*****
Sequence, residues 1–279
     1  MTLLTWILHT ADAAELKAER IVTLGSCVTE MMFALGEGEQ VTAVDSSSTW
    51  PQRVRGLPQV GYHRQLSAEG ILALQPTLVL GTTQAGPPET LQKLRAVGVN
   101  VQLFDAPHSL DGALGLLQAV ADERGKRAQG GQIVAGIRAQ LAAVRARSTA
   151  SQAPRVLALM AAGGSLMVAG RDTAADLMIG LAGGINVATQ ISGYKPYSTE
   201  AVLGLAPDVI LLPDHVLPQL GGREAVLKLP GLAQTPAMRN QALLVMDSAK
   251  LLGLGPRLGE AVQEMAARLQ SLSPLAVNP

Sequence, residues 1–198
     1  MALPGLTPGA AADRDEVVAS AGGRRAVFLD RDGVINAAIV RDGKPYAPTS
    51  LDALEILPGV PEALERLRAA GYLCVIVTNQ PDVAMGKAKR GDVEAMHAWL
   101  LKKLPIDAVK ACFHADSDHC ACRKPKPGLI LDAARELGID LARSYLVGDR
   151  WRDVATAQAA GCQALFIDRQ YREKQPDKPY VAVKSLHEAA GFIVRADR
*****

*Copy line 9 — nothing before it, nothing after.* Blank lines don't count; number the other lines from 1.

     1  MALPGLTPGA AADRDEVVAS AGGRRAVFLD RDGVINAAIV RDGKPYAPTS